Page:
The purport of this book is shown in the letter following which I addressed to the editor of the Daily News some months ago:—
“I thank you for reminding your readers, by reference to my humble work, that the delight of growing orchids can be enjoyed by persons of very modest fortune. To spread that knowledge is my contribution to philanthropy, and I make bold to say that it ranks as high as some which are commended from pulpits and platforms. For your leader-writer is inexact, though complimentary, in assuming that any ‘special genius’ enables me to cultivate orchids without more expense than other greenhouse plants entail, or even without a gardener. I am happy to know that scores of worthy gentlemen—ladies too—not more gifted than their neighbours in any sense, find no greater difficulty. If the pleasure of one of these be due to any writings of mine, I have wrought some good in my generation.”
With the same hope I have collected those writings, dispersed and buried more or less in periodicals. The articles in this volume are collected—with permission which I gratefully acknowledge—from The Standard, Saturday Review, St. James’s Gazette, National Review, and Longman’s Magazine. With some pride I discover, on reading them again, that hardly a statement needs correction, for they contain many statements, and some were published years ago. But in this, as in other lore, a student still gathers facts. The essays have been brought up to date by additions—in especial that upon “Hybridizing,” a theme which has not interested the great public hitherto, simply because the great public knows nothing about it. There is not, in fact, so far as I am aware, any general record of the amazing and delightful achievements which have been made therein of late years. It does not fall within my province to frame such a record. But at least any person who reads this unscientific account, not daunted by the title, will understand the fascination of the study.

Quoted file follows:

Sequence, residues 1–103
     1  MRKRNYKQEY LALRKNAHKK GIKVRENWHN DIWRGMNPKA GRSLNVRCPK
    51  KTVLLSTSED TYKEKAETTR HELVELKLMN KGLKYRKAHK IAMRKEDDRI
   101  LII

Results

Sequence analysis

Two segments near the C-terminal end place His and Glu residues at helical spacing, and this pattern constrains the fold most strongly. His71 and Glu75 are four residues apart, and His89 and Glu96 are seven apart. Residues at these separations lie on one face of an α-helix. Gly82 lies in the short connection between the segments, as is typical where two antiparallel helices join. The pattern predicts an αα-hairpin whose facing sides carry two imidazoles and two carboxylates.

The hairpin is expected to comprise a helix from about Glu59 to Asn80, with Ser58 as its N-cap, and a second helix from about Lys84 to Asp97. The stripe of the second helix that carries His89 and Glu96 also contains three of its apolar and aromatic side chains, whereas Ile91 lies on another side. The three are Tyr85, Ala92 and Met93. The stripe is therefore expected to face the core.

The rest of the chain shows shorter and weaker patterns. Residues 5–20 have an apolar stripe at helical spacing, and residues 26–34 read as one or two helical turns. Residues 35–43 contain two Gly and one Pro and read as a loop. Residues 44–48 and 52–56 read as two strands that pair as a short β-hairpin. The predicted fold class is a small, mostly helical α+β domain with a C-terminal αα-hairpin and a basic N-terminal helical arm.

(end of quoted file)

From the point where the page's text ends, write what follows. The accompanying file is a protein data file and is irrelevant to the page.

These essays profess to be no more than chat of a literary man about orchids. They contain a multitude of facts, told in some detail where such attention seems necessary, which can only be found elsewhere in baldest outline if found at all. Everything that relates to orchids has a charm for me, and I have learned to hold it as an article of faith that pursuits which interest one member of the cultured public will interest all, if displayed clearly and pleasantly, in a form to catch attention at the outset. Savants and professionals have kept the delights of orchidology to themselves as yet. They smother them in scientific treatises, or commit them to dry earth burial in gardening books. Very few outsiders suspect that any amusement could be found therein. Orchids are environed by mystery, pierced now and again by a brief announcement that something with an incredible name has been sold for a fabulous number of guineas; which passing glimpse into an unknown world makes it more legendary than before. It is high time such noxious superstitions were dispersed. Surely, I think, this volume will do the good work—if the public will read it.